Cross-border busting of phone fraud ring triggered row with Manila
Mainland, Taiwanese and Philippine authorities cracked an international phone fraud ring in late December allegedly masterminded by Taiwanese suspects.
A total of 178 people were arrested on the mainland, in Taiwan and the Philippines for allegedly swindling 140 million yuan (HK$165.8 million) from 450 mainlanders in 21 mainland provinces.
According to mainland police, the victims received phone calls from swindlers posing as prosecutors or security investigators who said they were suspected of laundering money abroad.
To prove they were innocent or help nab the real suspects, the victims were asked to apply for a mainland bank account and deposit all their savings in that account.
After the victims did so, they were told to hand over their bank ATM card numbers and passwords, which the suspects said would be placed at the 'court' for evidence and protection.
Using the ATM card numbers and passwords, the swindlers then transferred money from those accounts to banks in Taiwan, the mainland, the Philippines and Thailand.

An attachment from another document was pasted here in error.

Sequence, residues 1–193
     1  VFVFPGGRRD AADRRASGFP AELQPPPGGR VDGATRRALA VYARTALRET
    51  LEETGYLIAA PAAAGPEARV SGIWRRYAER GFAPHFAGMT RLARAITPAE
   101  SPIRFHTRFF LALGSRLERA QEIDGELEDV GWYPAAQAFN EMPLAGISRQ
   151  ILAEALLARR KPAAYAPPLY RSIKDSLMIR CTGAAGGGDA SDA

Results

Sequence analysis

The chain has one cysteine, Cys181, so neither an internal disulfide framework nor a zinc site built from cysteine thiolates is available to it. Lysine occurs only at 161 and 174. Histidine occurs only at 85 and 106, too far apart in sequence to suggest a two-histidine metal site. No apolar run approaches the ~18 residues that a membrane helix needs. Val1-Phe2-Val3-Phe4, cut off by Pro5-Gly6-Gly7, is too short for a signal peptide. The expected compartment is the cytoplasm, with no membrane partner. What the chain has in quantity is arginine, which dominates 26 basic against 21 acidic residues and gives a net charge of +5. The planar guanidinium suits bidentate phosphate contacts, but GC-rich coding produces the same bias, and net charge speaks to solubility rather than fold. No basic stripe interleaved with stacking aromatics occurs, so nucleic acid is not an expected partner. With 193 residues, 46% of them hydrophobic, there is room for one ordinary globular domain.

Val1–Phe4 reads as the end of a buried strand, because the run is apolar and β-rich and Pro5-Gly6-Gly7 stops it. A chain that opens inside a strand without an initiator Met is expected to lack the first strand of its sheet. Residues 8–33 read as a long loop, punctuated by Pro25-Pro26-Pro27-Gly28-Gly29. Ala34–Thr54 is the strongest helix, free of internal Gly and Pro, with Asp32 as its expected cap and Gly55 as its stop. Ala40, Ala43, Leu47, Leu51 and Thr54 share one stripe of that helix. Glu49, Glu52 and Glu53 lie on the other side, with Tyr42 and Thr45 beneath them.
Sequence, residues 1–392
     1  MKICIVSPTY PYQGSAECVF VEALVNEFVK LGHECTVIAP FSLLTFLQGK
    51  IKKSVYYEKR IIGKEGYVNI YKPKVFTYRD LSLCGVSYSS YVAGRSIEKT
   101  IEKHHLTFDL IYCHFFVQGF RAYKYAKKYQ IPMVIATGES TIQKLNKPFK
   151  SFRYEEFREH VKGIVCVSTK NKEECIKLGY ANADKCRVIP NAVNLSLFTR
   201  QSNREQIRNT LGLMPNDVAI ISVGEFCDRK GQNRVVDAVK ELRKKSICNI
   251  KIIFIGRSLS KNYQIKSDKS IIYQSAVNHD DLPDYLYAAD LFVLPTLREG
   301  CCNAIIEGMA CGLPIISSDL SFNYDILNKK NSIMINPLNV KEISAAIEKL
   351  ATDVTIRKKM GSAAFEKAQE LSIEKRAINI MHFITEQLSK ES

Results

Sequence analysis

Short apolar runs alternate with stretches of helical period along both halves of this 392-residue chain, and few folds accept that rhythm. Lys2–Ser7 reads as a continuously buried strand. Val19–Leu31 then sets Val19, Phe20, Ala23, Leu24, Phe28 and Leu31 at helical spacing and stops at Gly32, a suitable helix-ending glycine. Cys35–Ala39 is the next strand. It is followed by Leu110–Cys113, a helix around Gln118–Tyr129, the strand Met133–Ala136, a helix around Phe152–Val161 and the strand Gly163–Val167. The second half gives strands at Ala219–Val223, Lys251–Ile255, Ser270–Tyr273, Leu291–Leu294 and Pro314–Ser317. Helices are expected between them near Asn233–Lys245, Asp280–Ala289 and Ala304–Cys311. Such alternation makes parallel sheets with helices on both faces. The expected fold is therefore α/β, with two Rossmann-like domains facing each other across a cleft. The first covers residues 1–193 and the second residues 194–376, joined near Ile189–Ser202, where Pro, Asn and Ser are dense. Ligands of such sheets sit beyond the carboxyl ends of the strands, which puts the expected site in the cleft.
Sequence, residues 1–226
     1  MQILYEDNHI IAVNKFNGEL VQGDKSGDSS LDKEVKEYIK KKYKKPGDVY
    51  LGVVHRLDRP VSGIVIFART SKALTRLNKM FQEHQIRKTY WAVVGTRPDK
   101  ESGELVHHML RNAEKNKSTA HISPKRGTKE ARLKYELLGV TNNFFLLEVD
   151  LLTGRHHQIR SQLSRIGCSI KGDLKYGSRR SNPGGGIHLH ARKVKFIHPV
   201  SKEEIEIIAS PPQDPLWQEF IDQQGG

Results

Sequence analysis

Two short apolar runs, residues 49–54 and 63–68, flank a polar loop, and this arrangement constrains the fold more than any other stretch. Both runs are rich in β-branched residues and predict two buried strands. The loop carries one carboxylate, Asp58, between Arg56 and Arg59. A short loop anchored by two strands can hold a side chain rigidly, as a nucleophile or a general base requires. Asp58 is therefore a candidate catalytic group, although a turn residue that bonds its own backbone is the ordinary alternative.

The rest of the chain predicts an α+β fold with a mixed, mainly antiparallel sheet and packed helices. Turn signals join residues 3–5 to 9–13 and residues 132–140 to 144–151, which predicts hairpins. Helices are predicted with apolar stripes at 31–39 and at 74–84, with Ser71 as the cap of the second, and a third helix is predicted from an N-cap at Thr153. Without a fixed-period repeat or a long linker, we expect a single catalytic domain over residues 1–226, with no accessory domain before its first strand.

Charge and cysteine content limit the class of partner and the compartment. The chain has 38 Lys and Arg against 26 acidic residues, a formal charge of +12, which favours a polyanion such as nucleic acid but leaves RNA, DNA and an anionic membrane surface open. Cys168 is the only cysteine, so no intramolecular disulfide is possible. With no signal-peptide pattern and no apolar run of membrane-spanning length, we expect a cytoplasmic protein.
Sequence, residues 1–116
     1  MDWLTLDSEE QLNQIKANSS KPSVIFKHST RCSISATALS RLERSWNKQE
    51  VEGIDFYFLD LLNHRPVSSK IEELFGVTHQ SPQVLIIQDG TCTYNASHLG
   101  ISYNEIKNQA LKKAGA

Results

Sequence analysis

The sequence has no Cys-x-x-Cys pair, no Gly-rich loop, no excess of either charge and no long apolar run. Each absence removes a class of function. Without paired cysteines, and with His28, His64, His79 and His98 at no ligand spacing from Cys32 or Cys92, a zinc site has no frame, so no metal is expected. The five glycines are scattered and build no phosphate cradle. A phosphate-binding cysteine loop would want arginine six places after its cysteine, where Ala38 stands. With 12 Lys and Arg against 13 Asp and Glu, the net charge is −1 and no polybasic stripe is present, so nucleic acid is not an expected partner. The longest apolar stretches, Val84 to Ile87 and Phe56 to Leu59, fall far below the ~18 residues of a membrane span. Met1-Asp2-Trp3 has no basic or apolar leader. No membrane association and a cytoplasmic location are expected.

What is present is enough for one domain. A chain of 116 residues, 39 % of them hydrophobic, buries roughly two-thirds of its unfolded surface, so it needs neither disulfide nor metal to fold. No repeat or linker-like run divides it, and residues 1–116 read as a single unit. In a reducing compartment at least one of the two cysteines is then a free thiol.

Mainland police later froze more than 11 million yuan not yet wired out by the fraudsters, and confiscated 8,000 bank cards, four guns, 43 computers, 11 cars and 200 cell phones. The massive phone scam rocked mainland authorities, especially as some of the victims were reportedly senior mainland officials who demanded that the case be cracked. Mainland police set up a task force to deal with the case and sought help from Taiwan and the Philippines.
On December 27, mainland police officers went to Manila after Philippines authorities arrested 24 suspects - 14 from Taiwan and 10 from the mainland.
At Beijing's request, the Philippine government decided to deport all the suspects to the mainland, despite protests from Taiwanese authorities.